SUM(CASE WHEN Name = 'Offline' THEN 1 ELSE 0 END) AS Offline,
    SUM(CASE WHEN Name = 'Reserved' THEN 1 ELSE 0 END) AS Reserved
FROM 
    [Status];

PIVOT

If there is an extensive list of Names but only few of them must be rewritten you can maintain the PIVOT solution:

SELECT 'Database Status' AS [DB Status],
[Test], [Prod], [Migrated], [Offline], [Reserved]
FROM
(
    SELECT 
        ID, 
        CASE
            WHEN Name LIKE 'Test%' THEN 'Test'
            WHEN Name LIKE 'Prod%' THEN 'Prod'
            ELSE Name
        END AS Name
    FROM 
        [Status]
) AS Source
PIVOT
(
    COUNT(ID) FOR Name IN ([Test], [Prod], [Migrated], [Offline], [Reserved])
) AS PivotTable;

db<>fiddle here

DYNAMIC QUERY

If you feel a bit lazy and don't want to write all column names, you can use a dynamic query:

DECLARE @cols nvarchar(max);

SET @cols = STUFF((SELECT DISTINCT ',' + QUOTENAME(CASE WHEN Name LIKE 'Test%' THEN 'Test'
                                                    WHEN Name LIKE 'Prod%' THEN 'Prod'
                                                    ELSE Name END)
                   FROM [Status]
                   FOR XML PATH(''), TYPE).value('.', 'NVARCHAR(MAX)'), 1, 1, '');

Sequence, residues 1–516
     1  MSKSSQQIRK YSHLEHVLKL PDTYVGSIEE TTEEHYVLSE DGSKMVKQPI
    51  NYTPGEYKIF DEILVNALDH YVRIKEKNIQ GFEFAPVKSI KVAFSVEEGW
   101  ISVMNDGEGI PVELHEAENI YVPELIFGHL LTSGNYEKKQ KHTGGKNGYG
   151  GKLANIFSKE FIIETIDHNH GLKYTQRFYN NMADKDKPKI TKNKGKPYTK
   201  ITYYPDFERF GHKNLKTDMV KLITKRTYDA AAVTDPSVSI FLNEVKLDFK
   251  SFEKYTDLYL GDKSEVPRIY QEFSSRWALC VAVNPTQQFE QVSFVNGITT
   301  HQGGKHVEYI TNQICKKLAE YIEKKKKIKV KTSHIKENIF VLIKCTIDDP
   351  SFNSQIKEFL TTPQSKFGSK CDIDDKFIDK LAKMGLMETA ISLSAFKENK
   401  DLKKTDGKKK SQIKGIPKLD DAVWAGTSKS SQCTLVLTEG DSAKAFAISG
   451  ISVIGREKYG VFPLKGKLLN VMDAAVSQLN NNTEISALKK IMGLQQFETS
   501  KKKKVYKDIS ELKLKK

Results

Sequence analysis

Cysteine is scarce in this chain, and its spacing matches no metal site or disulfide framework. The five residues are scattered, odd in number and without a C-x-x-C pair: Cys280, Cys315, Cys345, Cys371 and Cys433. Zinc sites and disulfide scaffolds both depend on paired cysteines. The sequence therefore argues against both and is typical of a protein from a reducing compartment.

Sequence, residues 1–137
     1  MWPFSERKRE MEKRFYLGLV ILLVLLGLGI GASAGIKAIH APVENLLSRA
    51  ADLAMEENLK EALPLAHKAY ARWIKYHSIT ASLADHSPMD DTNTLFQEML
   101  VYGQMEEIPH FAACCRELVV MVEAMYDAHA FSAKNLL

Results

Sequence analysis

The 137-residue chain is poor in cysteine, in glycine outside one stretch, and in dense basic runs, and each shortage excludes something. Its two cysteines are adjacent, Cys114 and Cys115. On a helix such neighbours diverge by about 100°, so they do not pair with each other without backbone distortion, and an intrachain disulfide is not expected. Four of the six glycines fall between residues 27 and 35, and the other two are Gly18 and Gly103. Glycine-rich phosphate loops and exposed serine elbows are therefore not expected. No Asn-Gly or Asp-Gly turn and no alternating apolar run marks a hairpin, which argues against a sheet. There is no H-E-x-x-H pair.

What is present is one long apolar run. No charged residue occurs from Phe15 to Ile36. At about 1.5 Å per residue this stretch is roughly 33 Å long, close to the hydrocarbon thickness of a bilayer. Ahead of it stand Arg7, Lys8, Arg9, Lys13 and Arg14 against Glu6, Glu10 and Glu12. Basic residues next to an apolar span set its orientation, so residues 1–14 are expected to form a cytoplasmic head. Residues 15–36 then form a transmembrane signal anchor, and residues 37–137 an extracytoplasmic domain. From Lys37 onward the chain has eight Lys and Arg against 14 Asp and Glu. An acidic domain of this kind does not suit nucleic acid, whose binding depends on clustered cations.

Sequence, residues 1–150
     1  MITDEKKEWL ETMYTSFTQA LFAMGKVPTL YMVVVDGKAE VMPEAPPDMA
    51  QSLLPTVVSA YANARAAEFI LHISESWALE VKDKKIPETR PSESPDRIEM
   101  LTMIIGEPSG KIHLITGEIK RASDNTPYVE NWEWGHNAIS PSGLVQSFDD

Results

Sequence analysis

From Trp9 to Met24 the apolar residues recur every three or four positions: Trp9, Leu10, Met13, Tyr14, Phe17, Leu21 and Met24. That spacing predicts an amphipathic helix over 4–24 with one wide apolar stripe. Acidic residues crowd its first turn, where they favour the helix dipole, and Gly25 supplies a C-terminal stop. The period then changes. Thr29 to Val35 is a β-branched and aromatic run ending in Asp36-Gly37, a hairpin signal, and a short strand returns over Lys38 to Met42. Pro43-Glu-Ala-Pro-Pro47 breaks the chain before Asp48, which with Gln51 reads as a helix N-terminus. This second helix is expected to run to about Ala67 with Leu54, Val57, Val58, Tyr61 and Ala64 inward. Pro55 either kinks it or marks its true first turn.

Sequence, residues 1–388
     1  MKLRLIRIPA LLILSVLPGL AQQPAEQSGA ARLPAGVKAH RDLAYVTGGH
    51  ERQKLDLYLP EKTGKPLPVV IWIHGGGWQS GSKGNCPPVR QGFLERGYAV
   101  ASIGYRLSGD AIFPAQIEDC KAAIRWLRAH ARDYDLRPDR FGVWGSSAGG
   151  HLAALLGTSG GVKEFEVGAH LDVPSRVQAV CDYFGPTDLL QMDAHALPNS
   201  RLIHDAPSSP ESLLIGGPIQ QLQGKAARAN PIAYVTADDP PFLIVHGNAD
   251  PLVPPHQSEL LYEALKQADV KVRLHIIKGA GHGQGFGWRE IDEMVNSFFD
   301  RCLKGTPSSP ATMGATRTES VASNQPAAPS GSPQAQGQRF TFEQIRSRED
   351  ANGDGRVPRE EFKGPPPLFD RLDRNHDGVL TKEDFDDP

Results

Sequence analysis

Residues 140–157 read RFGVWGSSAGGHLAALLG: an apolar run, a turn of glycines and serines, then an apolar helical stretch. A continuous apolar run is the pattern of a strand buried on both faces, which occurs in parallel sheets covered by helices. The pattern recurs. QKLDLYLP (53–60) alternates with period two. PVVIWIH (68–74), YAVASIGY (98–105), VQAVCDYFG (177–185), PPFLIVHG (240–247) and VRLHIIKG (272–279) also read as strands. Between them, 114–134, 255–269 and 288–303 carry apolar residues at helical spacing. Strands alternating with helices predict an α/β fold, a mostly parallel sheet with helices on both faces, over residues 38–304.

DECLARE @cmd nvarchar(max);

SET @cmd = 
'SELECT ''Database Status'' AS [DB Status],' + @cols + ' FROM
    (SELECT 
        ID, 
        CASE
            WHEN Name LIKE ''Test%'' THEN ''Test''
            WHEN Name LIKE ''Prod%'' THEN ''Prod''
            ELSE Name
        END AS Name
    FROM 
        [Status]
) AS Source
PIVOT
(
    COUNT(ID) FOR Name IN (' + @cols + ')
) PVT'

EXEC(@cmd);

db<>fiddle here

7

I think it's important to strictly separate the two tasks you're trying to perform in one step here.

  1. Classification
  2. Transformation

For classifying the data, my instinct here is to recommend a lookup table to rigorously map records to a parent class. e.g.

CREATE TABLE StatusType (
  ID     INT         IDENTITY PRIMARY KEY,
  [Name] VARCHAR(10) NOT NULL UNIQUE
);
GO
ALTER TABLE [Status] 
  ADD StatusTypeID INT NOT NULL 
    DEFAULT 1
    FOREIGN KEY REFERENCES StatusType (ID) ;

...where the seed record in StatusType (ID=1 for the Status.StatusTypeID default) is a placeholder record named "Unknown" or similar.

When the lookup data is seeded and base records are updated with the correct keys, you can pivot to your heart's content.

select 'Database Status' AS [DB Status],
    [Test], [Prod], [Migrated], [Offline], [Reserved]
from (
    select s.ID,
           st.Name as StatusTypeName
    from status s
    join statusType st on st.ID = s.StatusTypeID
) as Source
pivot (
    count(ID) for StatusTypeName in ([Test],[Prod],[Migrated],[Offline],[Reserved],[Unknown])
) as pvt;

Full dbfiddle

  • Thank you for your solution, it is a pretty good solution. However, I am currently unable to modify existing table definitions or add to the database design. – John aka hot2use Sep 11 at 5:35
  • 1
    Select the data into a temporary table first, that way you have control over the data. Drop the temptable after you selected from it for display, if you want. Once your query is done, you can bake it into a stored procedure that automatically takes care of selecting into the temptable and dropping it after you're done. – khaoliang Sep 11 at 7:24